At 1am, the doctor came back to discuss the results of the scan and Xray with us. Apparently, there was so much fluid in the lining of the lungs that it had flipped my diaphragm (her words1) and the pressure was pushing my lungs into my chest wall hence the pain I was feeling. The next step would be to arrange getting the fluid drained. She had to get the oncology team involved as I was technically their patient.

At 2am, an oncology resident came to have a chat with me. She asked me loads of questions and then she left to have a chat with her attending officer. She came back 45 minutes later to say that they needed to find me a bed on one of the wards as the draining of the fluid won’t happen till the morning. At 4am, they finally took me to a ward in the cardiovascular ward as that was the only unit with a spare bed.

I wasn’t able to sleep at all for the rest of the night as the ward was crazy loud. Good thing was, DH got to go home for a shower and a couple of hours of rest. He was back at the ward by 8am (bless him!) and was glad I would be going in for the procedure soon. Well, it turned out to not be as soon as we hoped. It was another 3 hours before I was sent for. I was taken down to the USS department on a stretcher.

I got into the room and I met the doctor and his assistant. He explained the procedure to me and said I shouldn’t experience too much pain. He pleaded with me not to cough under any circumstance once the needle was in as that could puncture my lungs amongst other complications. The procedure was ultrasound guided, once he found his entry point, he injected my upper back with some local anaesthetics and that prick was the extent of the pain I felt. With DH holding my hand, the doctor drained a litre of fluid from the lining of my lungs! I instantly felt relief although the chest pain was still present; he explained it will take a couple of days for the pain to resolve. He was surprised I went for as long as I did with that much fluid in my pleural.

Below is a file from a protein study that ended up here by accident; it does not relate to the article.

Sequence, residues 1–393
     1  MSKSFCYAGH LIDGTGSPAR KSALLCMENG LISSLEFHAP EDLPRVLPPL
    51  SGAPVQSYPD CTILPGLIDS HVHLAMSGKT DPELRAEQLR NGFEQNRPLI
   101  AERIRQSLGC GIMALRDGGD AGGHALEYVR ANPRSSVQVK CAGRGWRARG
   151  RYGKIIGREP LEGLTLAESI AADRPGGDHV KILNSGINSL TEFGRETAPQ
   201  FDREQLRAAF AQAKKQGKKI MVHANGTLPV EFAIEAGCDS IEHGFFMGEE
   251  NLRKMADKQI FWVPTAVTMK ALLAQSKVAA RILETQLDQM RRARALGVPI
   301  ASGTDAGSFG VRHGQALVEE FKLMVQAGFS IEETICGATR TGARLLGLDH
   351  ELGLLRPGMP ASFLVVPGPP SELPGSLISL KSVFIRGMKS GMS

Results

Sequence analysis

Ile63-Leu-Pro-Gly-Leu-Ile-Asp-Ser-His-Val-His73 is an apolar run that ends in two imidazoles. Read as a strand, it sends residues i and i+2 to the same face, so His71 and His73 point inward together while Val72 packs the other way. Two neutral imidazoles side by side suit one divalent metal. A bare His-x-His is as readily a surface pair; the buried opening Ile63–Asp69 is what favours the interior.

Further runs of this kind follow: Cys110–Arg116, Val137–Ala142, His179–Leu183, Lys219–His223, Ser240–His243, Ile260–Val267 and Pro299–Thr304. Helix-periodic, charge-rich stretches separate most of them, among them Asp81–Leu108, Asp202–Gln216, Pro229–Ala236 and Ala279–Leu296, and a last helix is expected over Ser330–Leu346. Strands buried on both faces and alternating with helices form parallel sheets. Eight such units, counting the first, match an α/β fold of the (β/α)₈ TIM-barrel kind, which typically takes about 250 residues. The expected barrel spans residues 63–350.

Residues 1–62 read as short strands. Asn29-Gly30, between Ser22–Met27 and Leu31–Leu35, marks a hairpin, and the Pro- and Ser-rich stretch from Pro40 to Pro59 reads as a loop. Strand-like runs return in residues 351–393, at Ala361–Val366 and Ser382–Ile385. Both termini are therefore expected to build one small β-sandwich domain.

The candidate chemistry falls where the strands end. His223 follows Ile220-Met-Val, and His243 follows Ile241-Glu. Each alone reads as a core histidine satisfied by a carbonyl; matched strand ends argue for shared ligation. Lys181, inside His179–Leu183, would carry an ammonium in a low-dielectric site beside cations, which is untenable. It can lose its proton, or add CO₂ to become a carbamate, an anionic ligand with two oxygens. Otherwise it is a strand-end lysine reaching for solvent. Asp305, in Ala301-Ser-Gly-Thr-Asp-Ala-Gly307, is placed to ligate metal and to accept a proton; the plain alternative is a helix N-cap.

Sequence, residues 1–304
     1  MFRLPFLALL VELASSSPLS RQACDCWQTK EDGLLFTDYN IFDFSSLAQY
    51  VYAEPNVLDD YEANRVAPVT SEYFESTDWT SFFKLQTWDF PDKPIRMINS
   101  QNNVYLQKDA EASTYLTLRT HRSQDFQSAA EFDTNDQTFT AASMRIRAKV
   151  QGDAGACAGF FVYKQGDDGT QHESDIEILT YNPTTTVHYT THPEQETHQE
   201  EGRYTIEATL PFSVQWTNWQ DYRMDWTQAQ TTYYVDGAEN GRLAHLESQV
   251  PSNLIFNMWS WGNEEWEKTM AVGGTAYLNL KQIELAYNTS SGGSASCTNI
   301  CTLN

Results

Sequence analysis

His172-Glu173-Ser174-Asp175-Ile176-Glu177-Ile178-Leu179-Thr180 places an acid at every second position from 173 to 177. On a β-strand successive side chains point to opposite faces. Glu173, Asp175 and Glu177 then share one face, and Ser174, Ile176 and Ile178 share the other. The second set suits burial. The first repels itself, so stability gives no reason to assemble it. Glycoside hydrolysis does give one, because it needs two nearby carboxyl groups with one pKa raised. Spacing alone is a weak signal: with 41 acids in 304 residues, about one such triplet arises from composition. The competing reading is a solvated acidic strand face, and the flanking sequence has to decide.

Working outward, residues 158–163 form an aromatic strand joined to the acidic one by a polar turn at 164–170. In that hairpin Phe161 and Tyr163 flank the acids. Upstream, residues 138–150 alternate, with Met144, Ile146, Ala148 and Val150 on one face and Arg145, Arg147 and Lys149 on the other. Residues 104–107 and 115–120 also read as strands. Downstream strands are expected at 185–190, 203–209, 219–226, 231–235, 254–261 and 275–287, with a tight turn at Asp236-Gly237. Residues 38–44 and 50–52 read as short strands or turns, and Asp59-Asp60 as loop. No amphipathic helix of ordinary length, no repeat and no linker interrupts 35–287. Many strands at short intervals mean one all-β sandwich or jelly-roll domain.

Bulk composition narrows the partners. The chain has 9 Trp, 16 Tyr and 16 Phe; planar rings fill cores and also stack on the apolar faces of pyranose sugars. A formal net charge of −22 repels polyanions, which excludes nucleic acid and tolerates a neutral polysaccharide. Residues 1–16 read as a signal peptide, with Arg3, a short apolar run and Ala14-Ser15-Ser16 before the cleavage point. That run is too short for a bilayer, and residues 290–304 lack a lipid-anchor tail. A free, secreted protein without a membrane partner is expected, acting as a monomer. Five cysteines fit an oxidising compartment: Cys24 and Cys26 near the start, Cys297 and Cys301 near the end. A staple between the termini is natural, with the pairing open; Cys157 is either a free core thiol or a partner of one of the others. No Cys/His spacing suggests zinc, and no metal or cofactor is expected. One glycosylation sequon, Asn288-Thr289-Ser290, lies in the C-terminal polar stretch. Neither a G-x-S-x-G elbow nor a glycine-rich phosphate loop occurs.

I was taken back to the ward on the stretcher and after an hour, another oncology resident came to check up on how I was doing. An hour after that, two nurses came to do an ECG of my heart. My pulse had reduced from about 110 that morning to 80, my poor heart finally got a break. At about 3pm, my oncologist came into the room. Have I told you how much I like my oncologist? I really like and respect him except when he’s not sharing news of my bone scan with me!

He was apologetic for not getting back to DH earlier (they eventually spoke when I was at the ER) and he was sorry our experience had been so painful. He explained that he had gone through the reports from our stay and was surprised by how much the fluid had increased. He couldn’t explain why but he mentioned sample of the fluid had been sent to the labs and we should have more information once the results were back. He also explained that there was still a lot of fluid in the pleural and that I would need to have a few more draining episodes (boo!!!). I have another CT scan a week on Monday and I am seeing him a week on Thursday to review all the reports.

On this note, he discharged me from the hospital and DH and I were excited that I was coming home. I came through the door and fell in love with our home again. Nothing like an emergency hospital stay to let you appreciate the blessings of a home filled with love and my favourite people in the world.

I’ve been home now for two days and I’m feeling so much better. Shortness of breath is no longer an issue, my old voice is back and better, I watched my sweet bean playing and dancing all weekend and I am just super grateful for all the blessings in my life. I am alive, I am well, I have a husband that puts my needs first and I am surrounded by love. For today, I choose to focus only on those things x


One thought on “My first ER trip

  1. Thank God for love and wisdom and people who care about you. Sounds like it was a very painful experience. The conclusion of your blog demonstrates your perspective of life is in the right place. Hang in there soldier! And yay at looking 16! Some of us want that compliment!

    Liked by 1 person